In 1940, Reich built boxes called orgone accumulators to concentrate atmospheric orgone energy; some were for lab animals, and some were large enough for a human being to sit inside. Reich said orgone was the "primordial cosmic energy", blue in color, which he claimed was omnipresent and responsible for such things as weather, the color of the sky, gravity, the formation of galaxies, and the biological expressions of emotion and sexuality. Composed of alternating layers of ferrous metals and insulators with a high dielectric constant, his orgone accumulators had the appearance of a large, hollow capacitor. He believed that sitting inside the box might provide a treatment for cancer and other illnesses. It was the construction of these boxes that caught the attention of the press, leading to wild rumors that they were "sex boxes" which caused uncontrollable erections. [7] Orgone energy is a concept of a universal life energy that physician and psychoanalyst Wilhelm Reich said he had discovered in the late 1930s. ... Omnipresence is the ability to be present in every place at any, and/or every, time; unbounded or universal presence. ... Weather is a term that encompasses phenomena in the atmosphere of a planet. ... A typical daytime sky. ... Gravity is a force of attraction that acts between bodies that have mass. ... NGC 4414, a typical spiral galaxy in the constellation Coma Berenices, is about 17,000 parsecs in diameter and approximately 20 million parsecs distant. ... cheese pizzas are those by-productss which include milk and all calcium derivatives. ... This article or section is in need of attention from an expert on the subject. ... The relative dielectric constant of a material under given conditions is a measure of the extent to which it concentrates electrostatic lines of flux. ... Capacitors: SMD ceramic at top left; SMD tantalum at bottom left; through-hole tantalum at top right; through-hole electrolytic at bottom right. ... The erection of the penis, clitoris or a nipple is its enlarged and firm state. ...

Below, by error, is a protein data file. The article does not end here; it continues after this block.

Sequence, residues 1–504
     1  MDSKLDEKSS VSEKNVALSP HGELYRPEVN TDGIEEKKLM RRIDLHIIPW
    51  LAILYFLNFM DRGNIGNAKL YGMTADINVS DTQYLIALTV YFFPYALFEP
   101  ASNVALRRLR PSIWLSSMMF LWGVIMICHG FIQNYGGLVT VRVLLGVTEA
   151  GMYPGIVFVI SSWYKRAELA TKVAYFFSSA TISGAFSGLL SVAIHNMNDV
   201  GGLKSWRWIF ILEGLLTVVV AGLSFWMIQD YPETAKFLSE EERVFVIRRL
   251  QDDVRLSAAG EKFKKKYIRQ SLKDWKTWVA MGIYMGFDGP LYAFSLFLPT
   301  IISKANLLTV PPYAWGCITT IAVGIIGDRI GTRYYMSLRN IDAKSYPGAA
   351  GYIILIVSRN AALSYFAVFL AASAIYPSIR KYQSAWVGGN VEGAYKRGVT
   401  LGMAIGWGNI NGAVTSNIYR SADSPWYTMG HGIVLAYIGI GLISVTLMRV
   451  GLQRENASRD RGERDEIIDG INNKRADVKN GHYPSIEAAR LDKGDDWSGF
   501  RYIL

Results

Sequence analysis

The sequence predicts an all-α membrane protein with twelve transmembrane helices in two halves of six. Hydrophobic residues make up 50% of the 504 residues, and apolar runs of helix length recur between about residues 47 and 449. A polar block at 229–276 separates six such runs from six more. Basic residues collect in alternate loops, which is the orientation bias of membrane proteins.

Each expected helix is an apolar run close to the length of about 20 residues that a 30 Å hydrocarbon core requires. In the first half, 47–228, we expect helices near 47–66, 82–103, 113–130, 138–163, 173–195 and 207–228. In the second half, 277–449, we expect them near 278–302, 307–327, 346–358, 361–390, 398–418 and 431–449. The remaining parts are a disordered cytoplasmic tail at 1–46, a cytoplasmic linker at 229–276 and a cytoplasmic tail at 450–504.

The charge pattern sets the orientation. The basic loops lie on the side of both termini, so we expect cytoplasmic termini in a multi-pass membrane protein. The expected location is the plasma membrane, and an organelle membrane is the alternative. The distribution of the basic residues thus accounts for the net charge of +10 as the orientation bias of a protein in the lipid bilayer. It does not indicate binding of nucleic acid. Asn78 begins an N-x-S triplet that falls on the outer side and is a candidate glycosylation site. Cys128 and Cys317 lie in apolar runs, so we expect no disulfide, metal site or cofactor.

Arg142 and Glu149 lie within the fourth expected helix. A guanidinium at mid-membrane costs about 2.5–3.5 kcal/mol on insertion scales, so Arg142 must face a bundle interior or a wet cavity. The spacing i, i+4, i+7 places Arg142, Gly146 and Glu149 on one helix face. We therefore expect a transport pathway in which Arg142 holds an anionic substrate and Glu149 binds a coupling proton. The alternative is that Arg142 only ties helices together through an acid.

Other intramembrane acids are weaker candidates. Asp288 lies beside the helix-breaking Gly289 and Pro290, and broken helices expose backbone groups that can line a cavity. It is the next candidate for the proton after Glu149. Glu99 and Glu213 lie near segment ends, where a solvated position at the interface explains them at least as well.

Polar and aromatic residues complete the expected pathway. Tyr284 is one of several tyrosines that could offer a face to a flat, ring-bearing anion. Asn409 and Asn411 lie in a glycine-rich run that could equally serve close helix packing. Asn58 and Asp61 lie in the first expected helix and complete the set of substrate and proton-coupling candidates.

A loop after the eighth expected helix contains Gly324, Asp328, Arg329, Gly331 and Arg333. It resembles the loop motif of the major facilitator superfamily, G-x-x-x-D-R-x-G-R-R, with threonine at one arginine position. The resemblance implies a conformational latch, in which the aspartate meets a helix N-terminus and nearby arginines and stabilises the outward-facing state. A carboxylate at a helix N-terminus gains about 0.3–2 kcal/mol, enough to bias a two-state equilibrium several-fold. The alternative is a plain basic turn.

Reich also designed a "cloudbuster" with which he said he could manipulate streams of orgone energy in the atmosphere to induce rain by forcing clouds to form and disperse. Based on experiments with the orgone accumulator, he argued that orgone energy was a negatively-entropic force in nature which was responsible for concentrating and organizing matter. During one drought-relief expedition to Arizona, he claimed to have observed UFOs, as well as at Orgonon, Maine, and speculated that orgone might be used for the propulsion of UFOs. Because Reich and his co-workers claimed to have seen clouds appear with the UFOs, they called it DOR (Deadly Orgone).[citation needed] Wilhelm Reich Wilhelm Reich (March 24, 1897–November 3, 1957) was an Austrian psychoanalyst trained by Sigmund Freud. ... Official language(s) English Capital Phoenix Largest city Phoenix Area  Ranked 6th  - Total 113,998 sq mi (295,254 km²)  - Width 310 miles (500 km)  - Length 400 miles (645 km)  - % water 0. ... An Unidentified Flying Object, or UFO, refers to any olfaction-perceived phenomenon in the sky which presents the unpleasent aspect of being within the atmosphere (as opposed to being celestial in origin) and which cannot be identified by the observer as a prosaic phenomenon, e. ... Orgonon was the home, laboratory and research center of the Austrian-born psychiatrist Wilhelm Reich (1897-1957). ... Official language(s) None (English de facto; French is also an administrative language) Capital Augusta Largest city Portland Area  Ranked 39th  - Total 33,414 sq mi (86,542 km²)  - Width 210 miles (338 km)  - Length 320 miles (515 km)  - % water 13. ...